Nearsighted or Farsighted – How’s Your Vision?

eye sight

If you’re having problems with your vision, it’s frightening.  This article will outline some first steps for you in correcting your vision problems.  The specialists that are involved in your vision care may include the following:


This specialist is a Doctor of Optometry.  This is the place that most people start to determine their farsightedness (hyperopia), nearsightedness (myopia), or other basic vision problems.  The Optometrist is trained to evaluate vision problems through a basic eye exam.   They can prescribe glasses or contact lenses that are made to correct issues with your vision.


Your Optometrist may refer you to an Ophthalmologist if they feel you need to see an eye doctor with a medical degree. This is the “next level” doctor that deals in more extreme vision issues.   If there are complications with your myopia or hyperopia, they will refer to this specialist.


You would see an Optician for corrective glasses.  They will look at the nearsighted vs. farsighted prescription and create a prescription lens for your exact needs.   They will build, assemble and sell you your new glasses.  Some opticians are trained to assist you with contact lenses as well.

What Does It Mean to Be Farsighted or Nearsighted?

Nearsightedness and Farsightedness are both refractive errors.  This means that in both cases, light enters the cornea, and is refracted to the wrong place before it reaches the retina.  This is usually caused by the shape of the eyeball itself.  A third refractive error is possible, which is called astigmatism.  In this case, both types of vision, near and far, are affected.  So, which disease do you have, myopia, hyperopia, or astigmatism?  Let’s break down the two issues.

Nearsightedness (Myopia)

In Myopia, when the cornea and lens receive waves of light, it is sent to the wrong place in the eye.  These light waves are sent to another spot in the eye before they get to the retina. This is usually the result of a large or elongated eyeball.   The result is nearsightedness. Your distance vision suffers.  This is the most common type of refractive vision issue.  Nearsighted people make up nearly a quarter of the population.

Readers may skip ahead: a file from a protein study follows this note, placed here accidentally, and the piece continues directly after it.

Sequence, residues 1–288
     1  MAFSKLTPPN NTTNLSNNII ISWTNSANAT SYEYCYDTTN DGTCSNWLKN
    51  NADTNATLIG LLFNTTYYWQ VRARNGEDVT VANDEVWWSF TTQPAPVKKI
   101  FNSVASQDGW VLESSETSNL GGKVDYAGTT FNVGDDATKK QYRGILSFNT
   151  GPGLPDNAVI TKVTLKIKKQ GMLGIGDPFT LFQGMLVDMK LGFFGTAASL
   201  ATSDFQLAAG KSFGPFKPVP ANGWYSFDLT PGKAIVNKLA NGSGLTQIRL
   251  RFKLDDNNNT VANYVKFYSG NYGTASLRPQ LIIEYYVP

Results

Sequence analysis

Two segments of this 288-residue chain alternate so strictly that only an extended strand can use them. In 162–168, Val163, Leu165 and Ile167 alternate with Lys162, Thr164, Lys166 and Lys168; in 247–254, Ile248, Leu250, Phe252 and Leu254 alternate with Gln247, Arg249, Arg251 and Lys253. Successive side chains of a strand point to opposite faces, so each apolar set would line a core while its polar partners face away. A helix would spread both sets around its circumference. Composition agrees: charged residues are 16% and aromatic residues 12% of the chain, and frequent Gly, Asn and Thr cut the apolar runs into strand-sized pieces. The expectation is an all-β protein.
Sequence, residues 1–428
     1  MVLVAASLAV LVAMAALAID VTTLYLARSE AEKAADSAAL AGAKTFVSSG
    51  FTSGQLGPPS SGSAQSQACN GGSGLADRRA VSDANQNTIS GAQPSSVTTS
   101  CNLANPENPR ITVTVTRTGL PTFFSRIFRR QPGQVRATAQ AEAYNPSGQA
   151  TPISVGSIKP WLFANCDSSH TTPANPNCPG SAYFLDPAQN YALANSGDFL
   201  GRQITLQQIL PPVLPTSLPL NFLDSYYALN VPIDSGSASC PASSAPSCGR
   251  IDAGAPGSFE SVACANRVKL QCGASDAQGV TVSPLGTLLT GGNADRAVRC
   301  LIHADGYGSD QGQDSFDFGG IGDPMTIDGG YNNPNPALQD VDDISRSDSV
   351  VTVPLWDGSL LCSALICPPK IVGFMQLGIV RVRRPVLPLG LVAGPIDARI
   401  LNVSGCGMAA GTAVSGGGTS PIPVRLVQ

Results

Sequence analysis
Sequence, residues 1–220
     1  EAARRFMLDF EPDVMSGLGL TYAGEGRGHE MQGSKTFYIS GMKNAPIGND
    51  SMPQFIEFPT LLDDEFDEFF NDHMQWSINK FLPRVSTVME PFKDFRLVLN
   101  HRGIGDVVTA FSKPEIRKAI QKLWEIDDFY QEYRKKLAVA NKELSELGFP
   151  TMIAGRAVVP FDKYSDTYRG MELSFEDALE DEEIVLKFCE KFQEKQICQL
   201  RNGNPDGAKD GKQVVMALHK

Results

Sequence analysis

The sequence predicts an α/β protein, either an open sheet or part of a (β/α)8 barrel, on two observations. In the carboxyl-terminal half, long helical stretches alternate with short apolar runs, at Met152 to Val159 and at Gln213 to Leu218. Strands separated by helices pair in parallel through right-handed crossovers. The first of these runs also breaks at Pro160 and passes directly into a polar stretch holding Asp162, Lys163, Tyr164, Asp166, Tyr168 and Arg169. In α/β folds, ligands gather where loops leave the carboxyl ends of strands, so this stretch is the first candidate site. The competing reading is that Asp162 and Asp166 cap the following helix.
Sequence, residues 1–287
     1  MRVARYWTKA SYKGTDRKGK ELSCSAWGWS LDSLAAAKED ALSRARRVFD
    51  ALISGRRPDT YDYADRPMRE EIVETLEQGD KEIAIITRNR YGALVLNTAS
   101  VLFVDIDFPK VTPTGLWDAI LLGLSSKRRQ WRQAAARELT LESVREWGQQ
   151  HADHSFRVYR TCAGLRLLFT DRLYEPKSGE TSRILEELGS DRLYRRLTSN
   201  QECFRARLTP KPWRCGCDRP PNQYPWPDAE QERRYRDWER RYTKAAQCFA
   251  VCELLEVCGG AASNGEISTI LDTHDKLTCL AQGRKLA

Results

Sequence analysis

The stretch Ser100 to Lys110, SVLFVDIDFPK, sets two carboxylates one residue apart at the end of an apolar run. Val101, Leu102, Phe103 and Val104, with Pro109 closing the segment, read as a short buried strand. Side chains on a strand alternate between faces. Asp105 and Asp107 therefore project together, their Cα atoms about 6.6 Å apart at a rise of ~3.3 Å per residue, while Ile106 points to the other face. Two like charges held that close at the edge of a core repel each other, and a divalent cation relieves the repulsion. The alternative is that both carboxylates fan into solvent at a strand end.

Myopia normally manifests itself by causing eye strain, squinting, headaches, or “tired eyes”.  You may notice things being really fuzzy if you are suffering from Myopia.

Farsightedness (Hyperopia)

If you suffer from Hyperopia, chances are that your eyeball is too short, or your cornea is too flat.  In either case, the light does not reach the retina properly, which results in the ability to see far away, but not up close.

When the natural lens begins to harden, around age 40, you may develop Presbyopia.  This is what dictates the necessity of reading glasses in people as they age.  People may mistake this for Hyperopia since both result in loss of vision close up.  But, the two are not the same.

How Can Nearsightedness and Farsightedness be Treated?

Let’s start with a discussion of the differences between a nearsighted vs. farsighted prescription.  There are basically three types of correction methods that can be used to restore your eyesight to optimum performance when you have Myopia or Hyperopia.  You can get glasses with corrective lenses, you can wear contact lenses, or in some cases, you may want to consider LASIK surgery.  Sometimes LASIK (also called refractive surgery) is not advisable.

The degree to which a person has a refractive error is measured in diopters.  The ophthalmologist considers the diopter measurement to determine whether the patient is a good candidate for LASIK. They will also consider the shape of the eye itself to determine if a patient should expect a good outcome from LASIK.  Normally, a pre-operative exam is performed, which includes a series of tests.  This tells the doctor, before the surgery, what they need to do.

Should I Get Glasses or Contact Lenses?

For people with a considerable degree of myopia, strong glasses may help to correct the problem.  Your prescription is measured in diopters for glasses and contact lenses.   In some extreme cases, contact lenses may work better, as they adjust to the movement of the eye to stay centered on the lens when eyeglasses do not.

The same can be said for folks with hyperopia.  Contact lenses tend to give a better correction result.  Many people prefer the convenience or fashion factor of wearing prescription eyeglasses.  Some people have a hard time overcoming the sensation of putting contact lenses in and taking them out.

Another decision that will be made is whether you will have bifocal, or multifocal glasses or contact lenses.  If you need correction for astigmatism, this makes sense.   Progressive lenses are popular right now and offer a more gradual transition from one prescription to the other.  Work with your Optician to decide on the best way to fill the prescription from the Optometrist or Ophthalmologist. 

They will ask the right questions to find a personalized solution for your vision issues and get your eyesight back to optimal.

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